UNICEF France starts accepting donations to help fund Blockchain projects


/ Ultima / 2019/01 / UNICEF-France-start-accept-From-donations-to-help-fund-blockchain projects /

UNICEF France has recently started accepting donations from MakerDAO's stablecoin dollar pledge, to fund "sizes" and "research for open source technology and infrastructure projects" to help the "most vulnerable people" of the world".

According to an official website created to accept Dai donations, through an arm called UNICEF Ventures, the organization is trying to invest in emerging blockchain projects that are working on solutions for some of the "greatest challenges of humanity".

In fact, UNICEF Ventures has already set up vents in Mexico and Kazakhstan that have focused on giving young people the opportunity to learn more about blockchain technology and to help develop solutions for the specific challenges faced by their regions.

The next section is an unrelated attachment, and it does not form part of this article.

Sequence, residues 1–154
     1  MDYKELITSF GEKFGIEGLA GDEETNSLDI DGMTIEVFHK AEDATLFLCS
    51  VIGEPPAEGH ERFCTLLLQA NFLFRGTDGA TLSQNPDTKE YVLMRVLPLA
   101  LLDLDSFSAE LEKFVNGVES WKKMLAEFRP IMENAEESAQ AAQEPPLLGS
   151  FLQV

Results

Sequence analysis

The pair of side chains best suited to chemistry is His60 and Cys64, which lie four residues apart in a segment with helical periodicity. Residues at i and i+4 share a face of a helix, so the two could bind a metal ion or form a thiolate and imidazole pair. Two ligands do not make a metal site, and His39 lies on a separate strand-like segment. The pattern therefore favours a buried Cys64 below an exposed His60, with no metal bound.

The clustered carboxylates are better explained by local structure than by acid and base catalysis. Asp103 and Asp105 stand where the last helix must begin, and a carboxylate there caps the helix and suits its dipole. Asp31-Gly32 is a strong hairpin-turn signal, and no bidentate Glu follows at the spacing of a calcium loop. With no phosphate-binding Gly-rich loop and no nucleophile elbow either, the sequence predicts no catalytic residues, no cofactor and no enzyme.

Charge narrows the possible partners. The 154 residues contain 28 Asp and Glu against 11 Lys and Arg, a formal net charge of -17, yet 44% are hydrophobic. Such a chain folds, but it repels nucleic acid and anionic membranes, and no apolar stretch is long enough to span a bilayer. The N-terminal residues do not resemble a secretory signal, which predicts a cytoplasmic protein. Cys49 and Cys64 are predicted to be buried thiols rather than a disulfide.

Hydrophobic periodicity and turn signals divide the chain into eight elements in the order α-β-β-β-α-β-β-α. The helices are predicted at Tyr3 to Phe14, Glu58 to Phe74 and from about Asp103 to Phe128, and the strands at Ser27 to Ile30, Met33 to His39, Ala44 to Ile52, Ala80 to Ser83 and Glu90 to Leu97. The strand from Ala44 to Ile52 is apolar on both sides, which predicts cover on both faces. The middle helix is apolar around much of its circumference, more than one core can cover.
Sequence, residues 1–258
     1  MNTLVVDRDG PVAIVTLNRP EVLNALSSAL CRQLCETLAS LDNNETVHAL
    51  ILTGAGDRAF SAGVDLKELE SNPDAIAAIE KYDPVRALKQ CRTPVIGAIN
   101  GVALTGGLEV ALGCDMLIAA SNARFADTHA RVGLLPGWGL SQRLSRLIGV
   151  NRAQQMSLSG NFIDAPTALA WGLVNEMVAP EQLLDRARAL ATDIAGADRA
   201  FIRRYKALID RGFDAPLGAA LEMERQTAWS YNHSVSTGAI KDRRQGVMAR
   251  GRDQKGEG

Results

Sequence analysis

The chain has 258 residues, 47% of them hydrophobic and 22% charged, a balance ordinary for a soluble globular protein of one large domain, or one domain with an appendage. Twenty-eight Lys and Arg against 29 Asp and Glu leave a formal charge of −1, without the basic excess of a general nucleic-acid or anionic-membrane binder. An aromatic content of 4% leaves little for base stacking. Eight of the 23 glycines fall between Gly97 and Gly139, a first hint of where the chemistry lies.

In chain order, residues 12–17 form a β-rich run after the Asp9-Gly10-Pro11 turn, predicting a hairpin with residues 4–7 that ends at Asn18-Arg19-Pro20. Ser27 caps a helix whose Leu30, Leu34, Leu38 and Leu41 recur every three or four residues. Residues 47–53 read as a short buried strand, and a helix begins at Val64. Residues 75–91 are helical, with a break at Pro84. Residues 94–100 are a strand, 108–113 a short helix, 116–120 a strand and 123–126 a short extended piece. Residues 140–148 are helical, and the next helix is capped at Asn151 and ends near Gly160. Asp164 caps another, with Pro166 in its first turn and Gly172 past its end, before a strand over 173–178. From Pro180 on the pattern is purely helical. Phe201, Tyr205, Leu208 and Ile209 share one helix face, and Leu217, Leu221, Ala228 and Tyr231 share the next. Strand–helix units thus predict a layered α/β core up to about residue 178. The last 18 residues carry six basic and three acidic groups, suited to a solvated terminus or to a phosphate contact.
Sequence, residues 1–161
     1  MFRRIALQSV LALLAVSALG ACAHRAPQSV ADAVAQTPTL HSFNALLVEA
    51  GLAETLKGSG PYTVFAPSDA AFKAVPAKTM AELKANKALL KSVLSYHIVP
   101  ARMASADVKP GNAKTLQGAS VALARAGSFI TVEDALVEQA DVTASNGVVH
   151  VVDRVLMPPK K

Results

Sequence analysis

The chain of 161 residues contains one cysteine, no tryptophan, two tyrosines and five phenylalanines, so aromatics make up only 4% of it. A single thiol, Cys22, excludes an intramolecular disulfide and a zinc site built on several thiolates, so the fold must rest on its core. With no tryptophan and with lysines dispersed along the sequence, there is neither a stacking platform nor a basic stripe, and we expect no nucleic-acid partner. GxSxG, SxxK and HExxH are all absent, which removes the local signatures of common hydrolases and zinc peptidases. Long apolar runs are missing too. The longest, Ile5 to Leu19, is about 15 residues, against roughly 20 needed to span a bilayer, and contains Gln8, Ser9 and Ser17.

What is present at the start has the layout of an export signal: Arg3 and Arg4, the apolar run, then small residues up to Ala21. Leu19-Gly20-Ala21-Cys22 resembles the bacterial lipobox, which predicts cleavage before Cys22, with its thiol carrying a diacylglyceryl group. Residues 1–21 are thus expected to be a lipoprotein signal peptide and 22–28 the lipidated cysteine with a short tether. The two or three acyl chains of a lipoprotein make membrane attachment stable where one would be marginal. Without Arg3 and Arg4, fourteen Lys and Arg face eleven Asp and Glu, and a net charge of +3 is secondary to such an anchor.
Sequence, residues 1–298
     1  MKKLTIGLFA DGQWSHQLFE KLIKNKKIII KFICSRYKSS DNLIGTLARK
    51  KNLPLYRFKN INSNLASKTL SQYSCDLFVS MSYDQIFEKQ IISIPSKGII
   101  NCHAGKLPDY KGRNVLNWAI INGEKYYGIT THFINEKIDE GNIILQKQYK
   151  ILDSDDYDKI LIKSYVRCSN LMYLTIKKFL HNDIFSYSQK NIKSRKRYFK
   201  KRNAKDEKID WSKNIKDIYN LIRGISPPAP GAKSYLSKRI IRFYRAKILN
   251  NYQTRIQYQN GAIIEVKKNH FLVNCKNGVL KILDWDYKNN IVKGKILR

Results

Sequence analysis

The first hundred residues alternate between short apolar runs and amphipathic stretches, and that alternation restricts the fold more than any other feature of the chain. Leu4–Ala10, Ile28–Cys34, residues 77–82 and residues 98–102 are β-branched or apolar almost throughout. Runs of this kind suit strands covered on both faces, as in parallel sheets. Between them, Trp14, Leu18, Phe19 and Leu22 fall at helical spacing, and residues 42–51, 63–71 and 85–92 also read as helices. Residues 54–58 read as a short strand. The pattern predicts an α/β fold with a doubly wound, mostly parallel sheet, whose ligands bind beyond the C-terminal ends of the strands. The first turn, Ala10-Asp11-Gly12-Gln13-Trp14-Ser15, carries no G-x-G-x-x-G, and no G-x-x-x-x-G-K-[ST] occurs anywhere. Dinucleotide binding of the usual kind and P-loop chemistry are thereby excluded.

In Mexico, events focused on identities, payments and tokens, while in Kazakhstan they focused on "developing apps for the development situation," Christina Lomazzo told ETHNews.

For the publication, Lomazzo believes that work is still needed to bring teams together and encourage collaboration. If these teams and their projects should mature to become start-ups in the initial phase, the Venture Fund of UNICEF will consider investing in them.

Lomazzo had said:

UNICEF France was able to accept Dai first because it is an ERC20 token, but we are promoting the fact that these donations will help finance the blockchain development community that UNICEF Ventures is building.

In particular, UNICEF France began accepting cryptocurrency donations in September last year. He started by accepting the major currencies, including BTC, ETH, XRP, XMR and EOS. Sébastien Lyon, executive director of the organization, said that cryptocurrency and blockchain technology "offer a new opportunity to attract the generosity of the public and continue to develop our activities with children in the countries of intervention".

It was not the first time that the charitable organization launched an encrypted initiative. In February, he began raising funds to help children in Syria, a country involved in a civil war since 2011.

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